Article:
Is There A Love In Purgatory?

Every one of these things, which I have safely as a top priority to the degree that in this life I have possessed the capacity to comprehend them,are, contrasted and what I have stated, amazingly extraordinary. Next to them, every one of the sights and sounds and equity and certainties of this world appear to me falsehoods and nothingness. I am left befuddled on the grounds that I can’t discover words sufficiently outrageous for these things.

I see there to be such a great amount of similarity among God and the spirit that when He sees it in the virtue in which His Divine Majesty made it, He gives it a consuming adoration, which attracts it to Himself, which is sufficiently able to devastate it, interminable however it be, and which makes it be so changed in God that it considers itself to be however it were none other than God. Continuously God attracts the spirit to Himself and inhales fire into it, never releasing it until the point that He has driven it to the state from which it approached — that is, to the unadulterated neatness in which it was made.

At the point when with its internal sight the spirit sees itself drawn by God with such adoring flame, at that point it is softened by the warmth of the sparkling adoration for God its most dear Lord, which it feels flooding it. Furthermore, it sees by the heavenly light that God does not stop drawing it, nor from driving it, affectionately and with much consideration and unfailing premonition, to its full flawlessness, doing this because of His unadulterated love. In any case, the spirit, since it is obstructed by transgression, can’t go where God draws it; it can’t pursue the joining look by which God would attract it to Himself. Again the spirit sees the horror of being kept away from seeing the awesome light; the spirit’s impulse, as well, since it is drawn by that joining look, longs for to be unhindered.

I say that it is seeing these things that conceives in the spirits the torment they feel in Purgatory. Not that they make record of their agony; in spite of the fact that it is most extraordinary, they esteem it a far less insidious than to end up conflicting with the desire of God, whom they unmistakably observe to be ablaze with outrageous and unadulterated love for them.

Emphatically and continuously this adoration draws the spirit with that joining look, just as it had nothing else than this to do. Could the spirit who comprehended this locate a more regrettable Purgatory in which to free itself sooner of all the prevention in its way, it would quickly toss itself in that, determined by the adjusting love among itself and God.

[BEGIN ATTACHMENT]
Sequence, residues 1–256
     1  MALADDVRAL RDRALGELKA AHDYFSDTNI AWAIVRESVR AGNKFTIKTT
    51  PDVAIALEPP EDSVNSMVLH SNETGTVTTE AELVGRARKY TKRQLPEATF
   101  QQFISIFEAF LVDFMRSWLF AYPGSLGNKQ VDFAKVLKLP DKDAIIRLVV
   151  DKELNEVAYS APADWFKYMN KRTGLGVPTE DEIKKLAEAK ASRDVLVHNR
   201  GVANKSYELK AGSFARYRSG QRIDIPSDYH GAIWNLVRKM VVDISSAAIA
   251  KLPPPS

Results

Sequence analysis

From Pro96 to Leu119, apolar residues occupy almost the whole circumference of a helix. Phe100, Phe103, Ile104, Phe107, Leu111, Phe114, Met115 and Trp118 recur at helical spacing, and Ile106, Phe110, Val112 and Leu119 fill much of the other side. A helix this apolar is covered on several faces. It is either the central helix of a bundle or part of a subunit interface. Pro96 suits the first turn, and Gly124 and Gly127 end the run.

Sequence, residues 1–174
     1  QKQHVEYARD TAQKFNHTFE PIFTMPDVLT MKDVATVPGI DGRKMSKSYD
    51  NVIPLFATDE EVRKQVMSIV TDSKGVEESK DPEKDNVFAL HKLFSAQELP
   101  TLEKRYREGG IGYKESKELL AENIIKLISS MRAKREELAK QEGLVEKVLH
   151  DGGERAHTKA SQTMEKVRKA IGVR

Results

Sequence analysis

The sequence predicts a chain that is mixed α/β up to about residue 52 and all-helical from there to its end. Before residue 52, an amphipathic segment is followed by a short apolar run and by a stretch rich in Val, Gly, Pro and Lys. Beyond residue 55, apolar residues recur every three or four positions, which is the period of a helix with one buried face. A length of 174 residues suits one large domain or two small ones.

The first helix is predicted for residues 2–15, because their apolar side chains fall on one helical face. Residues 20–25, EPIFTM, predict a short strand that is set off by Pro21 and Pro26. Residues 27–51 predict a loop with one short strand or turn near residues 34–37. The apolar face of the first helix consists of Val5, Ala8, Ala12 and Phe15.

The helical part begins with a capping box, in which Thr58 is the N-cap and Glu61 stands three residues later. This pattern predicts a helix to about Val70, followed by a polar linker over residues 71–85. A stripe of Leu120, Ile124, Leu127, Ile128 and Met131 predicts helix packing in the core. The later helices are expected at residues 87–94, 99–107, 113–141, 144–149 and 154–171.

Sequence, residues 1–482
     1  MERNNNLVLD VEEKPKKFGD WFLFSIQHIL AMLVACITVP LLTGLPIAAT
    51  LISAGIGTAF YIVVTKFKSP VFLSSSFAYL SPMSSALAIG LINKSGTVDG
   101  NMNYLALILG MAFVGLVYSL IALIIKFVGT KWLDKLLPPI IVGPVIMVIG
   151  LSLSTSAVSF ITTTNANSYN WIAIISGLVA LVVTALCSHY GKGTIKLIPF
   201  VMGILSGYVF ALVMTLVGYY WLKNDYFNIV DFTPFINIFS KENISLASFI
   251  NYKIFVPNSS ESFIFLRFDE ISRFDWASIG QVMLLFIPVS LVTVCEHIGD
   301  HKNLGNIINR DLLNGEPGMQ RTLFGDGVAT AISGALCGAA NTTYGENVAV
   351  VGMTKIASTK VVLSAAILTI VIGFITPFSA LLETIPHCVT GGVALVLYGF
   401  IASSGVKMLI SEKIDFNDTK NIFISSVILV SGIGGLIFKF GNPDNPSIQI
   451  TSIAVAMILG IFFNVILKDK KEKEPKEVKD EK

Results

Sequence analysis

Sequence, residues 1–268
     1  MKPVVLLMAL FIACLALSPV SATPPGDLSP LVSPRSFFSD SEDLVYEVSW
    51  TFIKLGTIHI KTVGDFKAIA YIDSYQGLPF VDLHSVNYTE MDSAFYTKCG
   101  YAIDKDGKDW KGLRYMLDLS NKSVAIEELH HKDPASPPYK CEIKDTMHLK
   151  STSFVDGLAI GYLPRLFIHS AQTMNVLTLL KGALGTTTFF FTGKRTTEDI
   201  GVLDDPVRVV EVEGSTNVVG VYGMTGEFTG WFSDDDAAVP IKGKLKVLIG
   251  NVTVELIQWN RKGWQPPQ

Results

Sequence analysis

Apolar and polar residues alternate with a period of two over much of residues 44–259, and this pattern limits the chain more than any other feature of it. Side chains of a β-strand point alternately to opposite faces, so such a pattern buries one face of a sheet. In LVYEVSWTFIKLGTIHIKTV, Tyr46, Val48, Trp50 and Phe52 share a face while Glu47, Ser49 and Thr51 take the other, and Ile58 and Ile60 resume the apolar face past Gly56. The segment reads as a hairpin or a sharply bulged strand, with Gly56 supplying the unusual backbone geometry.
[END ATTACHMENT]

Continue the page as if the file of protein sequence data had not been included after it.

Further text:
Leniency in Purgatory

When I take a gander at God, I see no entryway to Paradise, but he who wishes to enter there does as such, on the grounds that God is all benevolence. God remains before us with open arms to get us into His greatness. In any case, well I see the perfect quintessence to be of such virtue, far more noteworthy than can be envisioned, that the spirit in which there is even minimal note of defect would preferably cast itself into a thousand Hells over wind up in this manner recolored within the sight of the Divine Majesty. Along these lines the spirit, understanding that Purgatory has been appointed to remove those stains, throws itself in that, and appears to itself to have discovered extraordinary benevolence in that it can free itself there of the hindrance that is the stain of transgression.

No tongue can tell nor clarify, no brain comprehend, the offensiveness of Purgatory. However, in spite of the fact that I see that there is in Purgatory as much torment as in Hell, I yet observe the spirit that has minimal stain of defect tolerating Purgatory just as it were a leniency, as I have stated, and holding its agonies of no record as contrasted and the minimum stain that frustrates a spirit in its adoration. I appear to see that the agony that spirits in Purgatory persist on account of that in them which disappoints God (that is, the thing that they have tenaciously done against His extraordinary goodness) is more noteworthy than some other torment they feel in Purgatory. Furthermore, this is on the grounds that they see reality and the intolerability of the impediment that keeps them from gravitating toward to God, since they are in beauty.